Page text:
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India: Assam deluge claims 595 lives of wild animals in Kaziranga

Jul 12, 2012

Floods are critical for the survival of bio-diverse Kaziranga’s unique ecosystem. Equally, they are a killer. A recent report recommends a road map for resolving this world heritage site’s existential paradox.

The stats may not be scary—just yet. But every year across the fauna-rich grasslands of the Kaziranga Tiger Reserve in Assam, dozens of boar, deer and even elephants drown to death in floods. According to a review by the Ministry of Environment and Forests, the deluge this year claimed 595 lives, mostly hog deer and wild boar, in the reserve with a population of more than 40,000 wild animals. In addition, three rhinos fell to poachers.

Meanwhile, the Indian Red Cross Society of Assam has written a letter to Assam Chief Minister Tarun Gogoi for declaring flood and erosion in Assam as a national disaster. This declaration, says IRC will help it in making an appeal for help for the flood affected victims to the international aid agencies.

Located along the Karbi Anglong Wildlife Sanctuary and bound by the Brahmaputra, the 1033 sqkm Kaziranga Tiger Reserve, also known as a biodiversity hotspot, teems with a staggering variety of wildlife—100 tigers, 1800 wild buffalos, 2000 one-horned rhinos and countless other species of birds and animals. In 1985 the Kaziranga National Park, described by the National Geographic as a thundering conservation success story, was declared a world heritage site.

It is because of its extraordinary importance as a wildlife habitat that the stats of deaths caused by flooding and stray incidents of poaching are worrying enough. The floods are an existential paradox for life in Kaziranga: they are crucial for the survival of its unique ecosystem made up of a large number of water bodies (around 175) and its biodiversity; but they are also a killer of its larger beasts.

This year as many as 512 hog deer succumbed according to a report prepared by Dr M Firoz Ahmad, Member, NTCA (National Tiger Conservation Authority) who was asked to conduct a survey of the region in the wake of the recent floods.  In his report, Dr Ahmad stresses on the importance of relieving the corridor areas from human pressure and preventing any change in the land use pattern.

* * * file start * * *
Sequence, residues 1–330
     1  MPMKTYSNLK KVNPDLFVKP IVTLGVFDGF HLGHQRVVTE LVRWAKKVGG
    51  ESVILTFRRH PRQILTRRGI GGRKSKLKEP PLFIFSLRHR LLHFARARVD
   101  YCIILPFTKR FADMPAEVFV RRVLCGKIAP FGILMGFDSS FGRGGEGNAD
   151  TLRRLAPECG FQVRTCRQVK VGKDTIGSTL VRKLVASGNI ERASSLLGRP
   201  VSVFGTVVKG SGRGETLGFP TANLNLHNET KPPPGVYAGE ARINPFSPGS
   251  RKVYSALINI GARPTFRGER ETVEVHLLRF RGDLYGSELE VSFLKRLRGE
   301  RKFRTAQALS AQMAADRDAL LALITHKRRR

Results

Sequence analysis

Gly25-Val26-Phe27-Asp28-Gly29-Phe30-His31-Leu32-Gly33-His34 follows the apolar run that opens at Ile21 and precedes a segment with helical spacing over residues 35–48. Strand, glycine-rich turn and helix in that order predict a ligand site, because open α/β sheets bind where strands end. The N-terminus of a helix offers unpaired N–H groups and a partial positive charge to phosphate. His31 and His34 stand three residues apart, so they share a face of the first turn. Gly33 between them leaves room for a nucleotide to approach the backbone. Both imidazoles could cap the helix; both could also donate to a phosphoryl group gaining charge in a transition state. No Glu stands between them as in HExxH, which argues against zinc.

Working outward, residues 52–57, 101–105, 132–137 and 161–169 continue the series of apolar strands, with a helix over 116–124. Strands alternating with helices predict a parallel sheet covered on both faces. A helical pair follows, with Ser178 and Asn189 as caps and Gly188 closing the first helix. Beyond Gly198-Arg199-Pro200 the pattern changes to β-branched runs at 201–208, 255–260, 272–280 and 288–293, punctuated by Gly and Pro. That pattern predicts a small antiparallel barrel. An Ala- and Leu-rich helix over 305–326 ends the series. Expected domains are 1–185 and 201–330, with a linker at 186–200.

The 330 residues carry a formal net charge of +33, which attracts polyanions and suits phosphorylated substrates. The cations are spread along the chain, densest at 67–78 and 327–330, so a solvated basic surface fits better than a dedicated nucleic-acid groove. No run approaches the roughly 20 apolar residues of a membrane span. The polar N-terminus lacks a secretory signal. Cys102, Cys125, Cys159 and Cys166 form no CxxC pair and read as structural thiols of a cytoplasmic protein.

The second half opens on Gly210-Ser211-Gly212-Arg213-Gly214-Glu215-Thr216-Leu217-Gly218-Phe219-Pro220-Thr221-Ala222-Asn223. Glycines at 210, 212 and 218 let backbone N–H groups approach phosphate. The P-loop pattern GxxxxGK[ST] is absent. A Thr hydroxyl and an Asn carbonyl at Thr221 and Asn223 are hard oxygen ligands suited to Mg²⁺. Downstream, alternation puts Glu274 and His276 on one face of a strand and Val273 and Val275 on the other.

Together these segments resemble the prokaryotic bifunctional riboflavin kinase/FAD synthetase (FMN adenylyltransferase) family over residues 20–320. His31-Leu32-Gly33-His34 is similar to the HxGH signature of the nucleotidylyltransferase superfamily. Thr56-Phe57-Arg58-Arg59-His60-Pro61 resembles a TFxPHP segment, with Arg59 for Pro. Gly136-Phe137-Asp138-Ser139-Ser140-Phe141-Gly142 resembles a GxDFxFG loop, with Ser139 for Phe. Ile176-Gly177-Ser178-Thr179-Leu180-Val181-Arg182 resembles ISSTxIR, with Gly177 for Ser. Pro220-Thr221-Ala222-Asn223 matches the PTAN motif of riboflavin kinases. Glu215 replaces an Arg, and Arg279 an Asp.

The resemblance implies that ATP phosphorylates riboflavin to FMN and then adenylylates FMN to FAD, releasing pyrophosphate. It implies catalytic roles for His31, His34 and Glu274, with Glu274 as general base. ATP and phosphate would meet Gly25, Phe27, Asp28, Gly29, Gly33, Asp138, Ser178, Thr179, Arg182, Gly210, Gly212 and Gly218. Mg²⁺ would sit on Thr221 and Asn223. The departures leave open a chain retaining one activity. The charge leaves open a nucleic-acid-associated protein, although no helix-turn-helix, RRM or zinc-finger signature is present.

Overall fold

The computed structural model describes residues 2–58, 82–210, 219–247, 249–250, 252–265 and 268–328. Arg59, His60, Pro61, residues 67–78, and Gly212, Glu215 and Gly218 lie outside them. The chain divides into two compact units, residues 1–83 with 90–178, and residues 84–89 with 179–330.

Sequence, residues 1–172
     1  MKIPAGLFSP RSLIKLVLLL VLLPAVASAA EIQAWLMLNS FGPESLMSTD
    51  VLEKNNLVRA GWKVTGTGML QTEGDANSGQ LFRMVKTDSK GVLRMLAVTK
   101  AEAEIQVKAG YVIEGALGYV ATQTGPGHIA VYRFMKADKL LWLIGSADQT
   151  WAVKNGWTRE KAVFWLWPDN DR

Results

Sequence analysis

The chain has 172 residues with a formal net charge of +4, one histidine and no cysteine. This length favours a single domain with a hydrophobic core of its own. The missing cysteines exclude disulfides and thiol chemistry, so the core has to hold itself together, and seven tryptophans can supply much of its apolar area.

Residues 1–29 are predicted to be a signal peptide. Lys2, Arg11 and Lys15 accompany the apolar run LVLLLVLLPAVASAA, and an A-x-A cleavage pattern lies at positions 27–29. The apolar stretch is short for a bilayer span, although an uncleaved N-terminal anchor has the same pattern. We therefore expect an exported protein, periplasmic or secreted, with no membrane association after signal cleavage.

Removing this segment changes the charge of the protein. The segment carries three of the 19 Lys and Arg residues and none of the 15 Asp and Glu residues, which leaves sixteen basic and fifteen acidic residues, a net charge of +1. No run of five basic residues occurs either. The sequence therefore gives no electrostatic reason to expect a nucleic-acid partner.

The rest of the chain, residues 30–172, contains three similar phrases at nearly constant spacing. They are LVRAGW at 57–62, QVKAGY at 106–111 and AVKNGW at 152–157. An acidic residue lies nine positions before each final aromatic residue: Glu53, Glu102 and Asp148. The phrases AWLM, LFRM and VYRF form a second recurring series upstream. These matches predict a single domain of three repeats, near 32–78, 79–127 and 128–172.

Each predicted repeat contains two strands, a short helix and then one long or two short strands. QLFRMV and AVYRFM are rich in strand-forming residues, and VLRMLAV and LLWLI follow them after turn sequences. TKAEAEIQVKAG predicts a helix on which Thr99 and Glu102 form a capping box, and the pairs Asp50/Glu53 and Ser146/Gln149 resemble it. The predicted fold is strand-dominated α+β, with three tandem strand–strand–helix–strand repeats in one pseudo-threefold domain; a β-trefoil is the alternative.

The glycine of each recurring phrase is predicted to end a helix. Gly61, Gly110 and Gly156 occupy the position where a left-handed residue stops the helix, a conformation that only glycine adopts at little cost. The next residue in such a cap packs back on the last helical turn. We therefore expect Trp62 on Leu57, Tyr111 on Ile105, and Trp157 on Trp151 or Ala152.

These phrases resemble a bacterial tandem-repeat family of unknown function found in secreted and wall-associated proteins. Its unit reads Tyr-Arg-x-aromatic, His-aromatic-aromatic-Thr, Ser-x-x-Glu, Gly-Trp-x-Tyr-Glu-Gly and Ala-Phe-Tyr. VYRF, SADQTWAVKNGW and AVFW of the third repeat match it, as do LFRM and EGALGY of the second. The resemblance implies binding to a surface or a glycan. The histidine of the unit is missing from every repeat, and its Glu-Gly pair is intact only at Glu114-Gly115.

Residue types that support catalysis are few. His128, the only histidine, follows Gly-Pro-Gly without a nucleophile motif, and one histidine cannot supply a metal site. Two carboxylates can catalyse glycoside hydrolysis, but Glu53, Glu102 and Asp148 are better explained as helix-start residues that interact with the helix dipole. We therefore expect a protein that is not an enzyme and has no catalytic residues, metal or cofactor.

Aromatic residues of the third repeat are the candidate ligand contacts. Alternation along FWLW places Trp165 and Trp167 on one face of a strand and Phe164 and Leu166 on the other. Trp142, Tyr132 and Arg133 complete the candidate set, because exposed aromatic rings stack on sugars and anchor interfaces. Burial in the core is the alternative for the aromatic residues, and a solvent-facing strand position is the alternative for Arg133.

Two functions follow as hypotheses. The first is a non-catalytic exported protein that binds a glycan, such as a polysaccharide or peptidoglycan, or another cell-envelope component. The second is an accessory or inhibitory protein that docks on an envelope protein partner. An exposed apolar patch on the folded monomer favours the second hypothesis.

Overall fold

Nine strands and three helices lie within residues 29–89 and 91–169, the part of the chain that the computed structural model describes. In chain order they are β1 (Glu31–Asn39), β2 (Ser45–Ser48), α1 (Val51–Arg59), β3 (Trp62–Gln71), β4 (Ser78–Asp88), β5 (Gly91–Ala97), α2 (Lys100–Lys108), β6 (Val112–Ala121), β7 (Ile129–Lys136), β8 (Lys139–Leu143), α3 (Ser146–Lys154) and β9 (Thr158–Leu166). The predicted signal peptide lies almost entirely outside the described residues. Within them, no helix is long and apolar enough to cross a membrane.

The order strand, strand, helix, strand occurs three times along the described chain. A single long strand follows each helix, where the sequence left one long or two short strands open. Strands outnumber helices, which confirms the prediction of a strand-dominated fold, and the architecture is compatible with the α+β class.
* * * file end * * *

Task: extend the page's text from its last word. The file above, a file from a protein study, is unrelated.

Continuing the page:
To protect the animals the park’s managers have built barriers along the highway, brought the entire region under 24 X 7 surveillance and deployed staff to patrol its dense interiors. Most significantly, many chapories, or elevated regions have been built to provide retreats and shelters for the animals during the floods. Still, the deaths continue apace with the conservation efforts funded by the centrally sponsored Project Tiger.

Over the last financial year, Rs. 4.27 crores in central assistance was advanced to Kaziranga for the creation of patrolling camps and other protection measures.  An alternate alignment has been suggested for diverting/widening the NH-37.  However, as the highway is in use, the NHAI is being approached to build flyovers at the most vulnerable points for the traffic. Alongside, a request to declare the Karbi Anglong Wildlife Sanctuary as a Tiger Reserve is set to be revived with the state government as this would allow Project Tiger funds to be used for wildlife protection over a wider area.

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